I convinced Abstract and Cobalt to delay their hunt until we had properly delivered the Phillips Gang into custody. That task complete, however, I felt I could restrain them no longer. Mr. Horse and I accompanied them as neutral parties, concerned for their enthusiasm and seeking to ensure they did not violate the code in their pursuit of vendetta.
Making full use of their forfeit immunity under Wizard’s War, Abstract used her mastery of the imaginem form to scry upon Ms. Whalen at regular intervals, tracking them as they pursued their target, the Marched Ms. Wendy Silverman. Ms. Whalen and her companions, using knowledge I am not privy to, determined that Silverman was hiding in none-other than Pea Ridge, the infamous battlefield where Mr. John Westphal earned his reputation during the war. It would appear that the carnage inflicted there was sufficient to cause to arise an infernal aura, complete with multiple-tiered regio. It was within this regio that Ms. Silverman had established a covert laboratory.
Abstract and Cobalt determined to set an ambush, hoping that the dangers of the infernal regio would weaken their foes and give them an advantage. We discovered where they had staked out their horses, and Mr. Horse, using his affinity for such beasts, convinced them that they were safer under a distant tree. We then waited, and Abstract watched.
She related to me that Ms. Whalen and her associates engaged in great hardships within the infernal regio, ultimately flushing Ms. Silverman from hiding. Through our own great fortune, Ms. Silverman ran right into us. Not wishing to permit a Hermetic criminal to escape, we assaulted her in unison and with great prejudice. It would appear that she was merely a spirit, inhabiting her own dead flesh. I recovered the invested objects containing her ghost when over the rise rode Captain Trombley upon an enormous invisible mount that we all knew well was, in fact, Mr. Westphal in his bear form. His other companions, including the targets of my two companions, were doubtless also invisible passengers.
Mr. Horse and I stood aside to permit the Wizard’s War to commence without our interference. For the most part, the fight was clean. The only potential exception was when the enormous and invisible Mr. Westphal assaulted me.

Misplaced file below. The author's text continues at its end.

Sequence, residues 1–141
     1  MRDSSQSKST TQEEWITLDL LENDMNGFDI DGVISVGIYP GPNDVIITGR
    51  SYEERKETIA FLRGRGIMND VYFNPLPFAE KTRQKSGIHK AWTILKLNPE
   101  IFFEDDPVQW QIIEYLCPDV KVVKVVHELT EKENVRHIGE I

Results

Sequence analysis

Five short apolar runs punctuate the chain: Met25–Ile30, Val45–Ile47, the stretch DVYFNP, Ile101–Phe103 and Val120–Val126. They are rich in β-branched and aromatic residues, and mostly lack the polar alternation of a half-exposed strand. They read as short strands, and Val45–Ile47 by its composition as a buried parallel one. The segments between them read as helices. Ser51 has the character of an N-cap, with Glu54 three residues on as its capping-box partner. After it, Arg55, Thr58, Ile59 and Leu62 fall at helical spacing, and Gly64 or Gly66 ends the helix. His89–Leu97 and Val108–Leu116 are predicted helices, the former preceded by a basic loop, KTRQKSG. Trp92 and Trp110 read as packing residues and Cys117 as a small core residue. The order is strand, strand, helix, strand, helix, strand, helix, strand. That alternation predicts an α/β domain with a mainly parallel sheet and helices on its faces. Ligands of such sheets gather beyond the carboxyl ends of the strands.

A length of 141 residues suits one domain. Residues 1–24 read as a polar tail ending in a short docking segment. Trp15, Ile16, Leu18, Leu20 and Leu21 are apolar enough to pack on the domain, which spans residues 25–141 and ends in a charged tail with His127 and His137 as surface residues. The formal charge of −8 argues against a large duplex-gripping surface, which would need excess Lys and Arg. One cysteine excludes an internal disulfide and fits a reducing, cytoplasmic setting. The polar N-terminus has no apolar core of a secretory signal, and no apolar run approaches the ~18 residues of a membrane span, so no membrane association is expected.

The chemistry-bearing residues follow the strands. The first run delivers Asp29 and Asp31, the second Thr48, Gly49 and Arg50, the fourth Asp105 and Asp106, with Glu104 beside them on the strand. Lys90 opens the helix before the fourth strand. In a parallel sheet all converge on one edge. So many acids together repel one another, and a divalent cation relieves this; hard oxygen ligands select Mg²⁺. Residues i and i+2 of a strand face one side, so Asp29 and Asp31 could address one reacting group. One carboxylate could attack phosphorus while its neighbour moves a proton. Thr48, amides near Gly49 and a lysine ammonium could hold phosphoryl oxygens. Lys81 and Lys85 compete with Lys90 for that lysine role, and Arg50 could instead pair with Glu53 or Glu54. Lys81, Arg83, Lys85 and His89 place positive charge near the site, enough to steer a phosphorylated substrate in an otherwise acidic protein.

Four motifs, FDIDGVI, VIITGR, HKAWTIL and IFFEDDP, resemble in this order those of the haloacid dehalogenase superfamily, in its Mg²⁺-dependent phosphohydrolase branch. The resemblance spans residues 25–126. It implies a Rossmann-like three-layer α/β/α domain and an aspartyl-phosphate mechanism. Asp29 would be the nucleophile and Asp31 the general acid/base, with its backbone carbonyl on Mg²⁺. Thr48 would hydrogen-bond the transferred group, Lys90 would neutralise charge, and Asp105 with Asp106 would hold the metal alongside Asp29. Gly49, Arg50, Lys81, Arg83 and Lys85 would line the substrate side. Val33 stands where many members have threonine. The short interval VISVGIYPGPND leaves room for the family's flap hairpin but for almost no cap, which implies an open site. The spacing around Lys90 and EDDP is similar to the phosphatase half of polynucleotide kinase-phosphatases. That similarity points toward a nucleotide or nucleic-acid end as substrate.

I would like to speak briefly in defense of Mr. Westphal, and to explain why he was not in violation of the Code, nor was he interfering in a valid Wizard’s War. He very clearly could have slain me, but chose not to, much to my relief. In that manner, much in the same manner as Mr. Percy Phillips’ assault, he proved not to have violated the code. I have every intention of resolving any dispute that he and I may still have in a civilized manner, before a Hermetic Court at a later date. He was not interfering in a Wizard’s War because, with his immediate words, and the words of Captain Trombley, it became rapidly apparent that his grievance had nothing to do with defending his companions. Instead, he and the Captain were understandably concerned about the fate of the blood stolen from them by Mr. Phillips, and presumed that I must possess it, and therefore possessed an arcane connection that I might use for nefarious purposes.
Although I reassured them with all candor that I had destroyed the blood procured from them, and that my motives were entirely selfish, not wishing to make of them my enemies, Mr. Westphal chose to batter me unconscious, declaring that he was “arresting” me or some such foolishness. Whatever his motives, when I eventually came to my senses, I was in the capable hands of Mr. Horse, and my possessions, including the artifacts taken from Ms. Silverman, were still upon my person.
It is my intention to see to the return of the bodies and personal effects of Abstract and Cobalt, who reaped the rewards of their own youthful foolishness, and then to return to Washington where I hope to peaceably resolve any remaining disputes that might exist between myself and Captain Trombley’s troupe. I hope this letter finds you well, and acts to reassure you that the hoplites your covenant is sponsoring are in no particular danger from me, nor are there any remaining members of my own troupe with personal vendettas to pursue.